Cigar humidors: from the quirky to the elegant

A pair of Louis C. Tiffany Studios scarab humidors, circa 1900, possibly carved by Tiffany master craftsman Joseph Briggs, earned $60,000 at Hill Auction Gallery in March 2018. Photo courtesy of Hill Auction Gallery and LiveAuctioneers

NEW YORK — Exotic woods, gorgeous finishes and striking forms are all hallmarks of beautifully crafted humidors. Maintaining a set level of humidity is crucial to storing cigars properly, so humidors traditionally have been made to keep cigars at around 75% humidity in wood-lined containers that are easily displayed on a desk or mantel. From quirky jars to elegant wood or metal boxes, humidors come in all shapes and sizes.

“Primarily, I like to source humidors that are beautifully finished and have novel details. There are so many wonderful quality exotic timbers such as rosewood, calamander, ebony and satinwood, as well as domestic woods such as burr walnut, that are used to decorate and enhance the quality of the humidor. Also, many are solid silver with polished or engine-turned decoration, as well as leather, crocodile skin and marble,” said Nicholas Wells, owner of Nicholas Wells Antiques in London. “The most important wood however, is the interior, which must be kiln-dried Spanish cedar. This particular wood has absorbent and insect-repellent qualities and protects cigars from decay.”

This elegant, solid silver Asprey cigar box is stamped Asprey twice. The surface is engine-turned. Made in England, circa 1930. Photo courtesy Nicholas Wells Antiques

Among the makers of humidors that collectors gravitate when seeking an antique humidor are luxury brands like Dunhill, Asprey, Tiffany, Bugatti, and Louis Vuitton. “All of these brands made wonderful quality humidors throughout the twentieth century. These brands were supported by royalty and the elite — they will always be in demand,” Wells said.

The Dallas Museum of Art has an especially fine example in its collection, a sterling silver presentation humidor designed by Robert Francis Hunter and made by Tiffany and Company in 1889. Its lid is topped with a cast buffalo and is elegantly acid-etched on the exterior side panels with scenes of American sports chosen for their appeal to the intended owner of the piece, including lacrosse, sledding, baseball, duck hunting, and trotting-horse racing, among other pursuits.

Humidor designed by Robert Francis Hunter for Tiffany and Company, 1889, sterling silver, cast and acid-etched, with a three-dimensional buffalo finial. Dallas Museum of Art, Foundation for the Arts Collection, Mrs. John B. O’Hara Fund. Photo courtesy of Dallas Museum of Art

“By the 1880s, Tiffany’s expertise in creating presentation objects was legendary. The firm had produced acclaimed pieces for many of the world’s most famous individuals,” according to commentary on the Dallas museum’s website. “Both the presenter and the recipient of this humidor were well known in the 19th century. August Belmont (1853-1924), who commissioned the piece, was a German immigrant who made his fortune in New York City representing the financial interests of Europe’s Rothschild family. Lionel Walter Rothschild (1868-1937), who received the box upon the occasion of his graduation from Cambridge in 1889, was the young heir of one of England’s greatest fortunes.”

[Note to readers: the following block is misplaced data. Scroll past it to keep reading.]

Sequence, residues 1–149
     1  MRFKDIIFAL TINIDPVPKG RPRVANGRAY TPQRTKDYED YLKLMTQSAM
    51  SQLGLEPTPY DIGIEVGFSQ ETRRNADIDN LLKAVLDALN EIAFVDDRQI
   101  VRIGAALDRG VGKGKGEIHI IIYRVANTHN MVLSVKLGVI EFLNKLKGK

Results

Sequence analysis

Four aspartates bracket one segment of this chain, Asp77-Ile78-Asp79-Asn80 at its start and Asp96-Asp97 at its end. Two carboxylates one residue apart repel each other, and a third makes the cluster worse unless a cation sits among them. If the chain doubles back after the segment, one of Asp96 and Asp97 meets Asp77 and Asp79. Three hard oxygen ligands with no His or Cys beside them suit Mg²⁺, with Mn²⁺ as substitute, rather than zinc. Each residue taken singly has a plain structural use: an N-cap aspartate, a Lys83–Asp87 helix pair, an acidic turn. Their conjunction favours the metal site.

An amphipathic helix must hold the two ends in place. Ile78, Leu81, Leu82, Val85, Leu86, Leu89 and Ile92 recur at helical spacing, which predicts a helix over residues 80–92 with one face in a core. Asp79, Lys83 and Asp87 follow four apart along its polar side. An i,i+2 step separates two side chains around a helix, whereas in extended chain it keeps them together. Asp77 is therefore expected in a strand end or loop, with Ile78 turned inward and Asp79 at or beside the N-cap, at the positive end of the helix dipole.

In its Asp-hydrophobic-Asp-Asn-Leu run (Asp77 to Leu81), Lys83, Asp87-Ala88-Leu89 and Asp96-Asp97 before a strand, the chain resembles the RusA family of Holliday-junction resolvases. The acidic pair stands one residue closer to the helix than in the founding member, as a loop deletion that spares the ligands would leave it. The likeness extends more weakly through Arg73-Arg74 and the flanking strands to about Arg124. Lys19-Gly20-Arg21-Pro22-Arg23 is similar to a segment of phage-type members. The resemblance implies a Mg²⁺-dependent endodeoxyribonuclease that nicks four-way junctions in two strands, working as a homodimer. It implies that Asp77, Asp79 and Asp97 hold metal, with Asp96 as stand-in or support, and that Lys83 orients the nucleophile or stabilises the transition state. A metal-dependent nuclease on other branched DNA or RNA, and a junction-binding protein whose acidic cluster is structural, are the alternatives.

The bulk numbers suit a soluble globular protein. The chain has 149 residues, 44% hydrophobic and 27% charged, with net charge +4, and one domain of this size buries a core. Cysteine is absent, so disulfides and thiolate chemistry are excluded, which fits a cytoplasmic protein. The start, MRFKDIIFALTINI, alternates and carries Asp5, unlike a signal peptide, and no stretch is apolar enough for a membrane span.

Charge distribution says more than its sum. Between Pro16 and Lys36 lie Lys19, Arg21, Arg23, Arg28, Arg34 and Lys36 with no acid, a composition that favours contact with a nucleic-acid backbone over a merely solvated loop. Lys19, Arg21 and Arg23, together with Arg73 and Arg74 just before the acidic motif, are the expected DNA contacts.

Belmont clearly knew Rothschild well and commissioned the designer to etch images on the humidor relating to sports and nature. The piece cost Tiffany around $500 to make, according to the museum, and Belmont likely paid just over double that, a princely sum in that year.

This R. Lalique frosted glass and mahogany cigar humidor, circa 1914, brought $10,000 in November 2018 at Heritage Auctions. Photo courtesy of Heritage Auctions and LiveAuctioneers

Among the most critical factors in determining a piece’s appeal and value to collectors, Wells said, are the quality and condition of the humidor with attractive details boosting its appeal as well as who it was owned by. Provenance is a key factor here. as with most antiques.

A choice burr yew cigar humidor made by Asprey in the first half of the 20th century sold in December 2014 at Sotheby’s London for more than $25,000, he noted. The humidor is certainly beautiful, but its possible provenance to Winston Churchill and his daughter, Mary Soames, who were both avid cigar smokers, almost surely has impacted its value positively.

The market for the best humidors remains strong, as cigar smoking and related paraphernalia are seeing a huge resurgence with enthusiasts sharing and creating content online. Humidors are an essential part of the niche market and are highly coveted by enthusiasts.

Art Deco-era humidors are highly collectible, like this stern-faced bulldog. The top of the dog’s head is removable, providing access to vertical storage for cigars. It was made in England in 1930. Photo courtesy Nicholas Wells Antiques

New collectors should seek examples in the best condition, with a high degree of decorative appeal. “Novelty details such as a handle made of unusual materials, the quality of the wood or metal, makers’ marks and any provenance all add to the story and the fun of owning cigar humidors,” Wells said. “I find that every collector has their own agenda. People collect across the board. My job is to find great pieces that I like. I always buy with my heart and am confident that a client will appreciate a piece for the same reason I did.”

“I do find that novelty items such as a silver steam train with a hinged engine cover capture the imagination and are instantly fun. Otherwise, just good quality wins, and contrasting materials and quirkiness of design will always find a buyer.”

#   #   #